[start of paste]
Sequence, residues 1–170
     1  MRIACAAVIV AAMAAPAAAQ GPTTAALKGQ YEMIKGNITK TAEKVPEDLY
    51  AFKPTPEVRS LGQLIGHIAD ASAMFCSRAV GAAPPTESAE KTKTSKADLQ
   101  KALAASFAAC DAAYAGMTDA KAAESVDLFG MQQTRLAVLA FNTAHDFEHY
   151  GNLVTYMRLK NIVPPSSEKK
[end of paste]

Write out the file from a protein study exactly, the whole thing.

Sequence, residues 1–170
     1  MRIACAAVIV AAMAAPAAAQ GPTTAALKGQ YEMIKGNITK TAEKVPEDLY
    51  AFKPTPEVRS LGQLIGHIAD ASAMFCSRAV GAAPPTESAE KTKTSKADLQ
   101  KALAASFAAC DAAYAGMTDA KAAESVDLFG MQQTRLAVLA FNTAHDFEHY
   151  GNLVTYMRLK NIVPPSSEKK